A Syrian Refugee Boy Stands Behind The Fence During Protest Against Syria's President Bashar Al Assad

A Syrian refugee boy stands behind the fence during a protest against Syria’s President Bashar al-Assad at Yayladagi refugee camp in Hatay province on the Turkish-Syrian border March 30, 2012. Image Source: Flickr/Freedom House

Following last week’s ISIS attacks on civilian populations in Paris, Beirut and Baghdad, a suite of American politicians have cast harsh criticism toward Barack Obama’s already humble policy that his administration take in at least 10,000 displaced Syrians over the next year. After it was revealed that one Paris bomber had a Syria refugee passport, the debate surrounding migration and border control in the U.S. has intensified, with some going so far as to call the admittance of Syrian refugees a “Trojan horse.”

Through the month of September, the U.S. is reported to have accepted 1,854 refugees in a conflict which has created more than four million refugees, and has been described as the largest humanitarian crisis since World War II. For comparison’s sake, the United States accepted at least 130,000 South Vietnamese refugees in the months after the 1975 fall of Saigon.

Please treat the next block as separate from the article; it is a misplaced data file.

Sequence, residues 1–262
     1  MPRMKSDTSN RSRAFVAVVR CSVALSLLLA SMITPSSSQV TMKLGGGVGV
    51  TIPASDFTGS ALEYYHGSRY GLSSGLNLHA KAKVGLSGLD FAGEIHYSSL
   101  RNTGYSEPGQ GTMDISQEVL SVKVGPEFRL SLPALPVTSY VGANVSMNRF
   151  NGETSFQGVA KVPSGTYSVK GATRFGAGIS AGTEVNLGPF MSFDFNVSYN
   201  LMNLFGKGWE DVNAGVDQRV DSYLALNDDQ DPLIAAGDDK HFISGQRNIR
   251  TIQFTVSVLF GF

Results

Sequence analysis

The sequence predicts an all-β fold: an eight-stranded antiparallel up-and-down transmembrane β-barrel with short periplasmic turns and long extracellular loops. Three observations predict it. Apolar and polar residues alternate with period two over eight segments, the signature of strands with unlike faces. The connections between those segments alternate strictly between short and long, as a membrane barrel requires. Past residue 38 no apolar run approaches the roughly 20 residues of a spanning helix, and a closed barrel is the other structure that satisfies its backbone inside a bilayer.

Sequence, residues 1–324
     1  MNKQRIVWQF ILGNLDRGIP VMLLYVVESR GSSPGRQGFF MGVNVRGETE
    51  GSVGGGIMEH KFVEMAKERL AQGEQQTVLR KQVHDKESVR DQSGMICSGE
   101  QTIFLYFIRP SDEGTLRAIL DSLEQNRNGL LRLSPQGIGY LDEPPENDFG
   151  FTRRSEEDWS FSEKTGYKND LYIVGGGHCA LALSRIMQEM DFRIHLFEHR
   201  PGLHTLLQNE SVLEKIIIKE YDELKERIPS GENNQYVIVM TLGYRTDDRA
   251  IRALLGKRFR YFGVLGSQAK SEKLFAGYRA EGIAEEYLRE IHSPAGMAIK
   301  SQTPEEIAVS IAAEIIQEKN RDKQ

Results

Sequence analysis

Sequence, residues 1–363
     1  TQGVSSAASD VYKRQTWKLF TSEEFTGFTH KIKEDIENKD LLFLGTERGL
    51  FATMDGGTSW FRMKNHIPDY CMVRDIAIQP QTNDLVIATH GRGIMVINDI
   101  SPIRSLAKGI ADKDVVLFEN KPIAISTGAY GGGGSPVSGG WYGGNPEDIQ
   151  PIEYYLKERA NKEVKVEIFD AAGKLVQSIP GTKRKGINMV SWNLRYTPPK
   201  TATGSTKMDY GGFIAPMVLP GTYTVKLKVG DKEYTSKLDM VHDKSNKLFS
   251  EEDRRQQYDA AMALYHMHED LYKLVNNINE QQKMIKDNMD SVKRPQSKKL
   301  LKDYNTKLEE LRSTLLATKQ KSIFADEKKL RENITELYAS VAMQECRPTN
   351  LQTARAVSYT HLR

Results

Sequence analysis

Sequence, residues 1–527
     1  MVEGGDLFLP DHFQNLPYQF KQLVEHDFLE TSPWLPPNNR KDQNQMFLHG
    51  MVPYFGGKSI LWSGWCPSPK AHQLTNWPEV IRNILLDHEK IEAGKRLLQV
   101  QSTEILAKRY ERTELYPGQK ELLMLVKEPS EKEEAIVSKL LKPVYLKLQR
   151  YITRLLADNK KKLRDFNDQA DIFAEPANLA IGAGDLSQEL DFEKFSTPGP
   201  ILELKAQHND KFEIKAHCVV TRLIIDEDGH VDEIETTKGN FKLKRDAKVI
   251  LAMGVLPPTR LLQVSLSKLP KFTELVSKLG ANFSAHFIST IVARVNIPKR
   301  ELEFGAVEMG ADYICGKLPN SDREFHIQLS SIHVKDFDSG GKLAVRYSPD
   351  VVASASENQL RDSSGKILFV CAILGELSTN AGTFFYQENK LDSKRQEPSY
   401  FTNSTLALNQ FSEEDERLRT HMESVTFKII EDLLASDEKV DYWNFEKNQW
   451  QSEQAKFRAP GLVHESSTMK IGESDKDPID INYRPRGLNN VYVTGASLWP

However, our historical capacity to absorb these populations seems to have been lost on these politicians — all of whom are members of the Republican Party:

Alabama Governor Robert Bentley

Robert Bentley

Michigan Governor Rick Snyder

Rick Snyder

Texas Governor Greg Abbott

Greg Abbott

Louisiana Governor and Republican Presidential candidate Bobby Jindal

Bobby Jindal

Former Florida Governor and Republican Presidential candidate Jeb Bush

Jeb Bush

Republican Presidential candidate Ben Carson

Ben Carson

Republican Presidential candidate Donald Trump

Donald Trump

Republican Presidential candidate Ted Cruz

Ted Cruz

Republican Presidential candidate Rand Paul

Rand Paul

All images come courtesy of Facebook.

Savannah Cox
Savannah Cox is the Managing Editor of All That Is Interesting. She holds a Master's Degree in International Relations, and works as a reporter/producer for DNAinfo.
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